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King: Homosexuals shouldn’t advertise their sexuality
If homosexuals want to avoid discrimination they should be more discreet about being homosexual, U.S. Rep. Steve King, R-Kiron, said Tuesday on the radio program of Family Research Council President Tony Perkins.
King and Perkins were discussing the federal Employment Non-Discrimination Act (ENDA), a bill that prohibits workplace discrimination on the basis of sexual orientation or gender identity. Perkins expressed fear that “someone could come in dressed one day as a woman or a man, the next day they come in dressed as the opposite sex” and an employer would be “helpless to do anything about it.”
King agreed, saying the legislation opens the door to Christian businesses getting entrapped by the “homosexual activist lobby.”
“I can imagine someone coming in and interviewing one day in man’s clothes and come back the next day and apply for a job in woman’s clothes, and then setting up a lawsuit in a sting operation to harass our religious organizations,” he said.
King then told a story about his days in the Iowa Senate, when gay activists came to lobby a fellow Republican lawmaker, state Sen. Jerry Behn of Boone, for protected status for sexual orientation and gender identity.
He said, “Let me ask you a question. Am I heterosexual or homosexual?” And they looked him up and down — and actually they should have known — but they said “We don’t know.” And he said “Exactly my point. If you don’t project it, if you don’t advertise it, how would anyone know to discriminate against you?” And that’s at the basis of this.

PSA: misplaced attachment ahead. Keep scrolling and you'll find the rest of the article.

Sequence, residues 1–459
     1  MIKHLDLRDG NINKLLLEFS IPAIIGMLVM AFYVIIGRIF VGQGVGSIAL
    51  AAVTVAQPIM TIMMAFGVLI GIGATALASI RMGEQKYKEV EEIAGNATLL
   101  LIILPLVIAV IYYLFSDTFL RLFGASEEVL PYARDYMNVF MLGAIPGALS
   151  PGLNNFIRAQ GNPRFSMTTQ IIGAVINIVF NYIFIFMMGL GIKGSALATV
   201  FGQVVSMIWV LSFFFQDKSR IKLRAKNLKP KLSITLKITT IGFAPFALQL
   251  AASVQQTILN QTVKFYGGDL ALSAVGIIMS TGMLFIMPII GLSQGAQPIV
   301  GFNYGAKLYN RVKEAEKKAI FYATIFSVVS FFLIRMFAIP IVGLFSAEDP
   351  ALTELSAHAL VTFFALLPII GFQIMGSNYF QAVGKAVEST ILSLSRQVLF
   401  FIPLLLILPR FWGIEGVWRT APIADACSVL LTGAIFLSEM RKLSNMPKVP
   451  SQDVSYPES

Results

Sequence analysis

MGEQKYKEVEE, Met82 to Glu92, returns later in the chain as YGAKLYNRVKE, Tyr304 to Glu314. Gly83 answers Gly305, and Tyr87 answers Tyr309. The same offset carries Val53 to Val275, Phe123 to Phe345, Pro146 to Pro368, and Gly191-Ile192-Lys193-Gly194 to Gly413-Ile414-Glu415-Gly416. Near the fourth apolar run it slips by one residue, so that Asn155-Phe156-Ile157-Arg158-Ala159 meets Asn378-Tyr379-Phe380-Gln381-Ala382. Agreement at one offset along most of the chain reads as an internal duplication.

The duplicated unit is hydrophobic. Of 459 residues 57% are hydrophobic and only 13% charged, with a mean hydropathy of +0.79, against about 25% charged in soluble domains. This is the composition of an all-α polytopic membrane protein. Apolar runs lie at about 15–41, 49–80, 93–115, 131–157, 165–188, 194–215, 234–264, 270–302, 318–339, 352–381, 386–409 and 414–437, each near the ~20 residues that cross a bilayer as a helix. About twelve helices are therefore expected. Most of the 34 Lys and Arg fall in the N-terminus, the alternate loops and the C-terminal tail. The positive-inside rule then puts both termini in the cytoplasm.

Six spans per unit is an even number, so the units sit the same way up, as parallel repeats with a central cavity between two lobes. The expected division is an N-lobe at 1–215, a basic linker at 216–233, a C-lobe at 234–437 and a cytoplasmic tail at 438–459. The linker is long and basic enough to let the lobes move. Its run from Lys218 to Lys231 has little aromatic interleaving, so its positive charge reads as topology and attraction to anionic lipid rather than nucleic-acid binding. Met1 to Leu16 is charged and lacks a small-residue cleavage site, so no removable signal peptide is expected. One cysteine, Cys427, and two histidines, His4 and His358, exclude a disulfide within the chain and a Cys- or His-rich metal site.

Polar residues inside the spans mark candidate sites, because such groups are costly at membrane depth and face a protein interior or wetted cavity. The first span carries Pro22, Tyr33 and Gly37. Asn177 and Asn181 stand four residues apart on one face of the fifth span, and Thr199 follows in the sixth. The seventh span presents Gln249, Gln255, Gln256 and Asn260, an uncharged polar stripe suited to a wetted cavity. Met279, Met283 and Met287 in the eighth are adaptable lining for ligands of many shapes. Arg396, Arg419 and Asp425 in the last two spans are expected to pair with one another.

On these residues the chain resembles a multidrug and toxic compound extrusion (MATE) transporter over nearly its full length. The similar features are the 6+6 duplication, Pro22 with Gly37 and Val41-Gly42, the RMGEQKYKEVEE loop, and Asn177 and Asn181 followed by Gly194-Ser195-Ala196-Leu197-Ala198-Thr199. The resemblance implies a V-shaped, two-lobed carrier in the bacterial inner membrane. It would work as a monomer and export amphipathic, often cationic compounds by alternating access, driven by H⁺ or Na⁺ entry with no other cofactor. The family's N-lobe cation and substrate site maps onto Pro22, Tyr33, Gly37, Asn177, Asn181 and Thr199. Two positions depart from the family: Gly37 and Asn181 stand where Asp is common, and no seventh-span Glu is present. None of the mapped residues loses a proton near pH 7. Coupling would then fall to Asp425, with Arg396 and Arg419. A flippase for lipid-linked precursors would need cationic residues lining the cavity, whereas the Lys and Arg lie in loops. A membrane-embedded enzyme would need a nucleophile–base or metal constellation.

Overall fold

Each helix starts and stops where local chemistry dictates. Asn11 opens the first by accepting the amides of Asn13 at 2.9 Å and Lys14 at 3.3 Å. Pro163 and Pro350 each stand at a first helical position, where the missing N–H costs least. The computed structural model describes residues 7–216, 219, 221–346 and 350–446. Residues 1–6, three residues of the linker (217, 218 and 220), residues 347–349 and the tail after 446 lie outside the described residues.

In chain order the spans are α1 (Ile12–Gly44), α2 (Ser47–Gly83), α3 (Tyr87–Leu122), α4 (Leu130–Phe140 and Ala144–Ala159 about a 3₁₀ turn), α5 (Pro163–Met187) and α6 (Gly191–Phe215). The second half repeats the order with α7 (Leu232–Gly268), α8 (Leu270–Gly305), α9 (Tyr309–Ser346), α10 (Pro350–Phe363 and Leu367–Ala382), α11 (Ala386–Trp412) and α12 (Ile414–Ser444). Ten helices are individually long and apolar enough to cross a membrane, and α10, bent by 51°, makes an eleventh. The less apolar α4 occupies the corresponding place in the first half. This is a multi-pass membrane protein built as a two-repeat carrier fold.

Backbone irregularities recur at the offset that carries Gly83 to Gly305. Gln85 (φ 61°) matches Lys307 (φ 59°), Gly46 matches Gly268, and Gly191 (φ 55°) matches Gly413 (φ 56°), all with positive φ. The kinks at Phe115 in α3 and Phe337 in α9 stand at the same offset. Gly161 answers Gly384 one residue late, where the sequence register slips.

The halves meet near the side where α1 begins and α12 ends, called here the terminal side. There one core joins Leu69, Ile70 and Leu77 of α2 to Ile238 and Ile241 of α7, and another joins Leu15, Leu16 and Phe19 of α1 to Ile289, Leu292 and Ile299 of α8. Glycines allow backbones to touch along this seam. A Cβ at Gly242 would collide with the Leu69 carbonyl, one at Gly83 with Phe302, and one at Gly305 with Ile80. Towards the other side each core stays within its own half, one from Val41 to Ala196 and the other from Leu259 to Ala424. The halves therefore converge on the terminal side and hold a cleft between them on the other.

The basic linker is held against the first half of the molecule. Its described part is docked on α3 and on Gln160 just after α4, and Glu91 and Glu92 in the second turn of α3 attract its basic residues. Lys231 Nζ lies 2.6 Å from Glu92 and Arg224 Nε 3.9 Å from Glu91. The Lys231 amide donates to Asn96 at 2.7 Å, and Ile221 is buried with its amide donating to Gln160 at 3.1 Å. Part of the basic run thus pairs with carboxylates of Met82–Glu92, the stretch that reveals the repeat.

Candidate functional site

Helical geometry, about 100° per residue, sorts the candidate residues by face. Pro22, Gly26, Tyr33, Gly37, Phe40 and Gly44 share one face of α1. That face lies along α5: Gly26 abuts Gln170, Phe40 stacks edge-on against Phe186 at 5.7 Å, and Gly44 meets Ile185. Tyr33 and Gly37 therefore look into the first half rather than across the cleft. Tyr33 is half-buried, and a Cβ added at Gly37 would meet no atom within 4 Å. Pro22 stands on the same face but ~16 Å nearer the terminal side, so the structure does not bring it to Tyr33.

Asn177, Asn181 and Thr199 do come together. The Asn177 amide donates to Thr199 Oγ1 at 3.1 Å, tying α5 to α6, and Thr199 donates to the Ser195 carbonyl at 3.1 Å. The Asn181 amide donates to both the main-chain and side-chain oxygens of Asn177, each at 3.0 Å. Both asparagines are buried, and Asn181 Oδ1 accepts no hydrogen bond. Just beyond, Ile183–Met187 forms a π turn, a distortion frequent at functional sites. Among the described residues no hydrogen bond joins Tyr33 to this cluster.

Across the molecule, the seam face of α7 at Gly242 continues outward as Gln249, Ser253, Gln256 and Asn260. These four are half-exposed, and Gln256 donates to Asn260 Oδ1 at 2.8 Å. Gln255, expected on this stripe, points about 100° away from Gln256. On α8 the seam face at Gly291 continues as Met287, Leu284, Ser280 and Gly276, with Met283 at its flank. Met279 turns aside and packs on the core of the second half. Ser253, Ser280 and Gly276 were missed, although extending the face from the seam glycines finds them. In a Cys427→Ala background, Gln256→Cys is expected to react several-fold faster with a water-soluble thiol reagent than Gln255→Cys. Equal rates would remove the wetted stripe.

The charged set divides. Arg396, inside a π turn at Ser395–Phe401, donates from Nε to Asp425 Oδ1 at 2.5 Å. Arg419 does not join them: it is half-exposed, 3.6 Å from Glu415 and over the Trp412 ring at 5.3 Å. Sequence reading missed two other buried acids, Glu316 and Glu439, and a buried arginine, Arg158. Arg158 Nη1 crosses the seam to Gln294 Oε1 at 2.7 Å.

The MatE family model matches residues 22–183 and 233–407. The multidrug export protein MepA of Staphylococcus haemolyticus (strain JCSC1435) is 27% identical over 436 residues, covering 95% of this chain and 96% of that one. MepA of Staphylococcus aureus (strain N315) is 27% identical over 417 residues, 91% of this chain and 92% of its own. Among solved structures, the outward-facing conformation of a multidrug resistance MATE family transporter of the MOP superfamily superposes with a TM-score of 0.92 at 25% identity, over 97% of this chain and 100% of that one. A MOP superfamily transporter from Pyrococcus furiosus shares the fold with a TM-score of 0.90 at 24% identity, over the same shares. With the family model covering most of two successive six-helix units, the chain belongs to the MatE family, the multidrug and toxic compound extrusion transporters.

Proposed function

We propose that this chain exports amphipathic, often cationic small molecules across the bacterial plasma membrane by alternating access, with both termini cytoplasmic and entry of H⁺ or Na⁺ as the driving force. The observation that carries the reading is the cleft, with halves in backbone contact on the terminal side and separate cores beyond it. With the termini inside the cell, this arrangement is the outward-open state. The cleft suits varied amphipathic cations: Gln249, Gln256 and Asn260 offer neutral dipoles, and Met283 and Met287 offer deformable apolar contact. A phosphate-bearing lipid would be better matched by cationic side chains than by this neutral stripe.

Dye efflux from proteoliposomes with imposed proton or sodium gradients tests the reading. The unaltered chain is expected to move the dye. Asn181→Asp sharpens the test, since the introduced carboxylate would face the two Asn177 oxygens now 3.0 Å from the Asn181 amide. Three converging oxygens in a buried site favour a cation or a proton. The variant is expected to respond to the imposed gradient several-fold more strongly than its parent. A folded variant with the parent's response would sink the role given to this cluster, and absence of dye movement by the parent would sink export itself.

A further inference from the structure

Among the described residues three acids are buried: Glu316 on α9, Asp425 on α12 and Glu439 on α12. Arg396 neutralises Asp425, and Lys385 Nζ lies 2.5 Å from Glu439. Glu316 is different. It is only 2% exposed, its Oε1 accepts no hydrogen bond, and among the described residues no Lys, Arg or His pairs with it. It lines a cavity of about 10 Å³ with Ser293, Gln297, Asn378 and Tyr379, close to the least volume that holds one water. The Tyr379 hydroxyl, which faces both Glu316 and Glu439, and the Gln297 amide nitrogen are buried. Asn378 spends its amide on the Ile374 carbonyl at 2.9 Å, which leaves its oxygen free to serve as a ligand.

If people wear their sexuality on their sleeve, then they want to bring litigation against someone that they would point their finger at and say “you discriminate,” it is an entrapment that is legalized by the ENDA Act, it appears to, and its a violation of the individual rights of employers to, at their own discretion, decide who they want to hire and who they want to fire. We don’t need more federal mandates. And we surely don’t need a political statement, and that’s what this is, too. This is the homosexual activist lobby taking it out on the rest of society. They are demanding affirmation for their lifestyle. That’s at the bottom of this.
The LGBT blog “Good As You” took exception to King’s portrayal of ENDA.
So the goal is for state senator Behn, like all Americans, to be judged not on the basis of his sexual orientation, but rather on his qualifications. What the far-right refuses to admit is that ENDA protects everyone, not just LGBT people! Everyone has a sexual orientation. Everyone has a gender identity. Every employer, including LGBT ones, have the capacity to unfairly discriminate on the basis of gender/sexuality. So therefore, everyone benefits from a world where education and training and experience and viewpoints (which very well might include contrasting ideas about work related to causes, even LGBT/anti-LGBT ones) and merit are the qualities of job consideration.
In the state of Iowa, gay citizens’ rights are protected under the Iowa Civil Rights Act, which “prohibits discrimination in the areas of employment, housing, credit, public accommodations and education.”